Our findings have implications for other cancer types that har-bor SMARCB1 deficiencies, including epithelioid sarcomas, renal medullary carcinoma, epithelioid malignant peripheral nerve sheath tumors, and extraskeletal myxoid chondrosarco-mas (Margol and Judkins, 2014). The SS18-SSX fusion in synovial sarcoma is known to disrupt the SWI/SNF assembly, re-sulting in SMARCB1-deficient complexes (Kadoch and Crab-tree, 2013). Furthermore, reduced SMARCB1 protein expression is found in a proportion of synovial sarcomas (Margol and Jud-kins, 2014). Our data indicate that it may be beneficial to assess PDGFRaand FGFR1 levels to determine if ponatinib has similar efficacy in these cancers.

Mutations in SWI/SNF subunits are found in20% of cancers (Kadoch et al., 2013). It was reported recently that EGFR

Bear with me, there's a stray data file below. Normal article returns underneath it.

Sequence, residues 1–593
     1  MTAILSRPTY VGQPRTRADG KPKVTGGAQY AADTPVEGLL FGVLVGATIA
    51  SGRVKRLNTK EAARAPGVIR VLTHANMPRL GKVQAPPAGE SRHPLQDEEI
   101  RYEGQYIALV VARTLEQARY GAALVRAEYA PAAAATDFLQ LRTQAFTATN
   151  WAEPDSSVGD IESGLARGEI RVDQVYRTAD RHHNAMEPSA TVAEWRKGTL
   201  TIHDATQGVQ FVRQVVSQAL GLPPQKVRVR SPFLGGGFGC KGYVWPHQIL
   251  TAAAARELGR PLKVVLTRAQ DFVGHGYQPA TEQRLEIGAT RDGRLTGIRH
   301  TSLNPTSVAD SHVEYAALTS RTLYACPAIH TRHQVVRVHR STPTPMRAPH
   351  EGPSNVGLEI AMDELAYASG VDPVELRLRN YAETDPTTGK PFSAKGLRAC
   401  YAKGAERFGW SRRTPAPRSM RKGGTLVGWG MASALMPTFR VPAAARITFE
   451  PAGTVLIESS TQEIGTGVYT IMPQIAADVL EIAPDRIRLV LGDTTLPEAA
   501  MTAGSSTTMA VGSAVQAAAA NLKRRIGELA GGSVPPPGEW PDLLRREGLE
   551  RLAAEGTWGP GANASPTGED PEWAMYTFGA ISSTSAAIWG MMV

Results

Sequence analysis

Figure 3. Dual Inhibition of PDGFRaand FGFR1 Is Cytotoxic in MRT Cells

(A) Dose-response curves for MRT and AN3CA cell lines upon treatment with FGFR inhibitors BGJ398 and AZD4547. Cell viability is normalized to DMSO control (n = 3).

(B) Immunoblot of FGFR1 expression in MRT cells under mock, non-targeting control siCONT and siFGFR1 pool transfection conditions is shown.

(C) Bar plots showing cell viability of MRT cells upon siRNA silencing of FGFR1. Cell viability data are normalized to mock transfection (n = 3). Statistical analysis of siFGFR1 versus siCONT was performed by paired Student’s t test (**p < 0.01; NS, not significant).

(D) Bar plots showing the normalized fold change in caspase 3/7 activity in the A204 cells treated with PDGFRaand FGFR inhibitors or a combination at the indicated doses (n = 3). Data for G402 cells are presented inFigure S2B. Data are normalized to DMSO control. Statistical analysis between combination and single TKI treatment was done by ANOVA with Tukey’s multiple comparison test (***p < 0.001).